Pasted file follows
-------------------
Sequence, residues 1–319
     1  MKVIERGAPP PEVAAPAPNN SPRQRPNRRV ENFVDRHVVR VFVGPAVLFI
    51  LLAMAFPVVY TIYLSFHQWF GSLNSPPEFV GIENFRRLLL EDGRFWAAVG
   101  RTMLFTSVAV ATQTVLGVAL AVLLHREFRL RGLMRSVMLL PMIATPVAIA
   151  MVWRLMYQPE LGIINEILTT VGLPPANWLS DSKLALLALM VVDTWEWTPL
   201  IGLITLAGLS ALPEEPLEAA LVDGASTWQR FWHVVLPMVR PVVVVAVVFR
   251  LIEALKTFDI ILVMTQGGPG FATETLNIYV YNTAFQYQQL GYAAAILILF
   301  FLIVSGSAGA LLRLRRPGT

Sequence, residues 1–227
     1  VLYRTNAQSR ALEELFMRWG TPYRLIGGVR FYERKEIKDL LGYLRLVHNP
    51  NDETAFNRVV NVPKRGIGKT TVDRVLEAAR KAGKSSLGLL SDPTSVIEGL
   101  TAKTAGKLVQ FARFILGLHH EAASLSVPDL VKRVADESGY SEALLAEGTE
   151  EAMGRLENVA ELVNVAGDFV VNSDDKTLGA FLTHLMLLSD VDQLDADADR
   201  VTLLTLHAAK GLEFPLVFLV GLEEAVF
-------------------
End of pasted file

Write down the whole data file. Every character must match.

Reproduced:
Sequence, residues 1–319
     1  MKVIERGAPP PEVAAPAPNN SPRQRPNRRV ENFVDRHVVR VFVGPAVLFI
    51  LLAMAFPVVY TIYLSFHQWF GSLNSPPEFV GIENFRRLLL EDGRFWAAVG
   101  RTMLFTSVAV ATQTVLGVAL AVLLHREFRL RGLMRSVMLL PMIATPVAIA
   151  MVWRLMYQPE LGIINEILTT VGLPPANWLS DSKLALLALM VVDTWEWTPL
   201  IGLITLAGLS ALPEEPLEAA LVDGASTWQR FWHVVLPMVR PVVVVAVVFR
   251  LIEALKTFDI ILVMTQGGPG FATETLNIYV YNTAFQYQQL GYAAAILILF
   301  FLIVSGSAGA LLRLRRPGT

Sequence, residues 1–227
     1  VLYRTNAQSR ALEELFMRWG TPYRLIGGVR FYERKEIKDL LGYLRLVHNP
    51  NDETAFNRVV NVPKRGIGKT TVDRVLEAAR KAGKSSLGLL SDPTSVIEGL
   101  TAKTAGKLVQ FARFILGLHH EAASLSVPDL VKRVADESGY SEALLAEGTE
   151  EAMGRLENVA ELVNVAGDFV VNSDDKTLGA FLTHLMLLSD VDQLDADADR
   201  VTLLTLHAAK GLEFPLVFLV GLEEAVF